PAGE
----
Rose called him out for his initial tweet, which contradicted his claim that he could handle her NSFW photo.

Rose then shared an image of Adam Levine in a nude photo to illustrate her point, asking Morgan if he thought Levine’s photo was attention seeking or not. Morgan tried to explain that no, it wasn’t, because Levine was simply raising awareness for a prostate and testicular cancer charity.

“I raise awareness for my foundation as well Piers,” she responded. “That’s like saying breast cancer awareness is cool but what about HIV and AIDS…my ‘naked’ body offended you for my nonprofit SlutWalk but a woman grabbing Adam Levine’s dick and balls was cool?”

“This is what Emmeline Pankhurst fought so hard for? Jeez,” Morgan tweeted, responding to Rose’s repost of the image. Pankhurst was a part of the the British suffragette movement.

“I’m sorry I forgot only men can be sexually confident,” Rose clapped back.

“If famous men started posting naked photos to social media claiming it was to ‘promote male empowerment’, they’d be jailed,” he tweeted, so naturally, Morgan then decided to re-share a shirtless ad he did for Burger King, citing he was posting “in the name of male empowerment.”

“So you got naked for a Burger King check and ur giving me a hard time?” Rose responded.

Morgan didn’t acknowledge the double standard of supporting Levine while chastising Rose, but hey, Rose’s Los Angeles SlutWalk is on Oct. 1, 2017. Maybe by then, he will understand policing women’s bodies isn’t cool at allnot now, not ever.

Read more: http://mashable.com/2017/06/12/amber-rose-piers-morgan-twitter-beef/

‘Go smoke free. Stay pretty the health campaigns that havent heard of feminism

From superficial smoking campaigns to ads that attempt to make breast cancer sexy, public health advice for women has got a long way to go…

Hear that sound, all you women of a childbearing age? Its time, running out. Soon your eggs will be past their prime and you will no longer be of any use to society. Even if youre hot! Just ask the Italian government, which recently launched an advertising campaign urging women to get a move on with their baby-making. One poster showed a woman brandishing an hourglass with the caption: Beauty has no age. But fertility does. Feminism: it has come so far.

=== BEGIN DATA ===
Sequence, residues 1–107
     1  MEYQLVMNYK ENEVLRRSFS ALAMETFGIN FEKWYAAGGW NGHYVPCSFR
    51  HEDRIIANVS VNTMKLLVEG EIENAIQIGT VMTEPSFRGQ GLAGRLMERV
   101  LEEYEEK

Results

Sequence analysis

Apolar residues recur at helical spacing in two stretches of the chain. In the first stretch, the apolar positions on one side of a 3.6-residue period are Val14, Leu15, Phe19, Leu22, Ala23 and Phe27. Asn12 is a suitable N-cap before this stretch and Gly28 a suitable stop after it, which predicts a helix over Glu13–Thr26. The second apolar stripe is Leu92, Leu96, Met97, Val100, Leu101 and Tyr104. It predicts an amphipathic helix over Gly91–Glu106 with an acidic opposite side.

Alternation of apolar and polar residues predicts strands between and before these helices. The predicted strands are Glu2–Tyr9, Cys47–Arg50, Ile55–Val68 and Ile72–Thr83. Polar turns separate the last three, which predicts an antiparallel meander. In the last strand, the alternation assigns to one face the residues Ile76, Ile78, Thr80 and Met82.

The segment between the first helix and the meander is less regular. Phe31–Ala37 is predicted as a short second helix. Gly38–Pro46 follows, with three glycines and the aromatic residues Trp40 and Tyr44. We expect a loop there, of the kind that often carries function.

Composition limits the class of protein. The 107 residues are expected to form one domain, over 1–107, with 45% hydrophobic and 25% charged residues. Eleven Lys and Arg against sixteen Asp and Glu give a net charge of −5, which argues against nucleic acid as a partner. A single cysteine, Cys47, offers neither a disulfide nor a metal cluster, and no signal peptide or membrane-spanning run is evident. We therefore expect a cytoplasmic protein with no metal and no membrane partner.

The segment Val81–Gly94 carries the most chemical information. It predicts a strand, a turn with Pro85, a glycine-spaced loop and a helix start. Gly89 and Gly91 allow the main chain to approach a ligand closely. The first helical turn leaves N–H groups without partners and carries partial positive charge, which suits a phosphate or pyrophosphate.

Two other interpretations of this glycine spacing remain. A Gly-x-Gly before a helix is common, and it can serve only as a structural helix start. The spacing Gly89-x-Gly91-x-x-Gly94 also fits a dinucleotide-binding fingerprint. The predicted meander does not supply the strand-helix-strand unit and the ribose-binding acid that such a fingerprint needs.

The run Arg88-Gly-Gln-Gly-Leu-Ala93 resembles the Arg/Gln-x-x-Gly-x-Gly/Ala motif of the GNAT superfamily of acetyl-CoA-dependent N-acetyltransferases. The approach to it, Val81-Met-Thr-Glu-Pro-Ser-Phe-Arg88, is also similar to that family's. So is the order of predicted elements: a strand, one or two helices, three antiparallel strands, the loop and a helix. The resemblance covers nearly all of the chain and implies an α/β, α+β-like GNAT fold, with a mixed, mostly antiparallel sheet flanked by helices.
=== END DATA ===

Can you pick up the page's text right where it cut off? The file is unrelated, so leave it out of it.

The ill-conceived ads, launched ahead of Italys first national Fertility Day, were not well received and the campaign has been pulled. Its 2016 and women feel as if they should be treated as more than glorified incubators. Who knew? There were also some suggestions that maybe the government should focus less on reminding women about their ovaries and more on trying to fix issues such as unemployment, paid maternity leave and poor childcare provisions.

Italys fertility publicity may not have worked as intended but it has done a good job of advertising the extent to which womens bodies are still carefully controlled under the guise of public health advice. So, to ensure you are all up to speed with the latest developments on how to safely operate your lady-body, here are a few more examples of campaigns demonstrating an unhealthy interest in womens health.